Tonight’s TED Talks are going to be about video games. We will have some great games for you to play and we also have some very interesting videos from TED that describe the development of video games and show something about their future evolution.

Dr Michael Harries is going to chair the discussion after the videos. As well as being a parent at the school, Michael is a futurist who knows a lot about computers, robots, artificial intelligence and iphones.
Our world is in a state of rapid change. Sometimes we’re so caught up in today that we can’t see tomorrow coming and we can’t remember our yesterdays.

What was it like when your parents were at school? Way back then, thirty odd years ago, only universities and big companies had computers. A computer took up an entire room and cost a lot of money. Lots of people shared each computer.

By the time your parents went to university, computers were getting smaller. Public computers were becoming popular and some of us even had our own personal computer. Not that we used much of their computational ability. They were largely fancy typewriters. And as well as writing assignments on them, we played games on them. Can you imagine Runescape without pictures? Just writing?

Stage 3 students, you have entered a whole new instance. When you go to high school next year, you will probably have your own computer at home or at school. And it will be connected to the internet. All of the information in the world is going online and you’re being encouraged to wiki or google it.

Stage 2 students, you can expect more. Your teachers will be using electronic whiteboards and you’re looking forward to having your own touch screen device. Soon you won’t be able to open up a book without trying to double click on it. You might laugh, but I’ve tried to eat with my mouse. I was so busy watching something on the screen that whenever I wanted to take a bite of my sandwich I moved my mouse. I started wondering if my mouse was broken because I wasn’t getting any food in my mouth. Duh.

But I’ve saved the best for last. Kindy and Stage 1 students. By the time you go to high school, you won’t be putting your computer in your pocket. You’ll be wearing it all the time. It might look like…. this (my hat) or maybe this (necklace/earrings/glasses). There will no longer be any difference between a computer, a phone, a game, or any other device. You will not be tied to a box, with a screen and a keyboard because you will be able to make one anywhere out of almost anything. Everything can be connected.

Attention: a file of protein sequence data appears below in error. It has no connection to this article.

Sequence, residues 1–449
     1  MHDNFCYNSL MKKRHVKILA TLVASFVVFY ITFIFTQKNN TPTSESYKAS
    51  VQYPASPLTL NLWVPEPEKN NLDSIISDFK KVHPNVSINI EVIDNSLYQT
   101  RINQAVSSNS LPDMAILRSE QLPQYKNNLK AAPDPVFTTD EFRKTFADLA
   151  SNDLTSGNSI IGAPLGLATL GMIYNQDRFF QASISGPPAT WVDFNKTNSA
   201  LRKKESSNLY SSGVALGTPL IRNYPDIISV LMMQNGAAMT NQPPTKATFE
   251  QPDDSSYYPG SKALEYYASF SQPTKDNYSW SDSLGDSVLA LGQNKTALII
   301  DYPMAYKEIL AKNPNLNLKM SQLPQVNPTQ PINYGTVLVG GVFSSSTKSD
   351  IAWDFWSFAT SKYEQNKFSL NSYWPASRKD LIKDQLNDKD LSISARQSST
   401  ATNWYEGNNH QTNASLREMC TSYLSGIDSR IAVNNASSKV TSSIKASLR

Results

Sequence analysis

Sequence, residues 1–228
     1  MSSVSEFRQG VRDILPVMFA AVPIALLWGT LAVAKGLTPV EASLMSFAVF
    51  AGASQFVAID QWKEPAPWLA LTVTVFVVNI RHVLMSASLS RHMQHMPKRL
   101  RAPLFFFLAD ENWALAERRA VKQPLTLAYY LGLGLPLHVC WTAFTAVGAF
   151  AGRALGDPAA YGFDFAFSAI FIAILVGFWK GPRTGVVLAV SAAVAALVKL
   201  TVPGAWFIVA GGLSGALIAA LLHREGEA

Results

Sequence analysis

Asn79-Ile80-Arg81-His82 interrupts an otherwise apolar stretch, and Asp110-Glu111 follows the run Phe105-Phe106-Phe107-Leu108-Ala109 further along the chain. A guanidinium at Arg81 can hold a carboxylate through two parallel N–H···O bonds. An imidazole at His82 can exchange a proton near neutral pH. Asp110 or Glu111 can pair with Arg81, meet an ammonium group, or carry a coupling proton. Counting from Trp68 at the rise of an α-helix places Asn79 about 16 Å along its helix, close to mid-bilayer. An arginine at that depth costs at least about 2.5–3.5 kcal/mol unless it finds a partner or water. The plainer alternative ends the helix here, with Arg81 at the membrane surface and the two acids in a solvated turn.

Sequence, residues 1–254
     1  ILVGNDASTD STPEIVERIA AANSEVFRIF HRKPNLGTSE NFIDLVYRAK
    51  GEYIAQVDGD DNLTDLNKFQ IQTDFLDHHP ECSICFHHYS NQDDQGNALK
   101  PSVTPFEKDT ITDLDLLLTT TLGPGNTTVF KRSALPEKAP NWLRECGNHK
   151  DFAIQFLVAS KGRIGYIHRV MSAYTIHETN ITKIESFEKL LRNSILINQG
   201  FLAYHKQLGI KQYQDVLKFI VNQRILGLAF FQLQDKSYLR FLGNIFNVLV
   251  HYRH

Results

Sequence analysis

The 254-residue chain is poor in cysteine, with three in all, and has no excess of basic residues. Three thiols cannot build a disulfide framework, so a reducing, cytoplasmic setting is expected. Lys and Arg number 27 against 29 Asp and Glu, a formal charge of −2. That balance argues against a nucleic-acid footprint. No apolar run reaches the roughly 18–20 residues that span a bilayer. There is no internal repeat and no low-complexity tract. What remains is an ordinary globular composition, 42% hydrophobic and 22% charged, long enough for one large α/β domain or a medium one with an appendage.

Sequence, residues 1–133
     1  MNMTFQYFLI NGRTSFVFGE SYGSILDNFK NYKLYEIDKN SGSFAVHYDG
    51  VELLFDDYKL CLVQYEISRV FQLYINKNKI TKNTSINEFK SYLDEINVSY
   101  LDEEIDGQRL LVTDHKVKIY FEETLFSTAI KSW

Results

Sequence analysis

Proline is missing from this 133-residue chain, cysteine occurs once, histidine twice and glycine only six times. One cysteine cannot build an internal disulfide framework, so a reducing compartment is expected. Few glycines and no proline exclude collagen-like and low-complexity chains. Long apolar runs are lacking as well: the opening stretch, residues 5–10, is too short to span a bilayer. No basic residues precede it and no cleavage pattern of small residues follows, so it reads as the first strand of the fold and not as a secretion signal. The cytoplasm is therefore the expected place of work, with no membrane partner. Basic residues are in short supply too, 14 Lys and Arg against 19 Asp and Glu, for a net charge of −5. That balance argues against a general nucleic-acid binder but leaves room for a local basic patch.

If you haven’t all used a Wii yet, then you will tonight. And imagine what is coming next. It’s going to look like Minority Report. It’s going to look like magic. When you go to high school and your teachers tell you to take off your hats because you are inside now. What they will be really saying is, it’s time to turn off your mobile phones, switch off your computers and stop playing games. But that’s ok because by the time you go to high school, your teachers will also have some pretty cool games for your classroom.

Tonight’s TED talk is about video games. We have videos from Brenda Laurel a virtual reality pioneer who has studied games and girls, David Perry who has designed famous games like Enter the Matrix and Patti Maes from MIT who is designing the sixth sense, your future computer. Or your new hat.

My birthday present is to give to Kiva for – Oyunbileg Luvsanchoi

Oyunbileg Luvsan has a small butcher stall in the Huchit Shonhor market, one of the largest food markets in Ulaanbaatar. Since the beginning of her business in 2000, she has been selling fresh meat that she purchases from the wholesale markets. Her husband drives his truck to purchase and bring meat from the wholesale markets located outside the city.

Oyunbileg lives with her husband and two children in the Bayanzurh district of Ulaanbaatar, the capital city of Mongolia. Her older daughter is a 6th grader in the local high school and her younger daughter is just 4 months old. She and her family live in a ger (a round, nomadic tent). Her family is working hard to build a new home on their land in the near future. She requests a loan to purchase more meat from the wholesale markets for her business.

via kiva.org

Every xmas and birthday I like to share my good fortune by giving to someone else. With Kiva, it’s a double gift because as the money is repaid, I can loan it again and again. I’ve made 25 loans now to people from all parts of the globe.

Posted via web from andragy’s posterous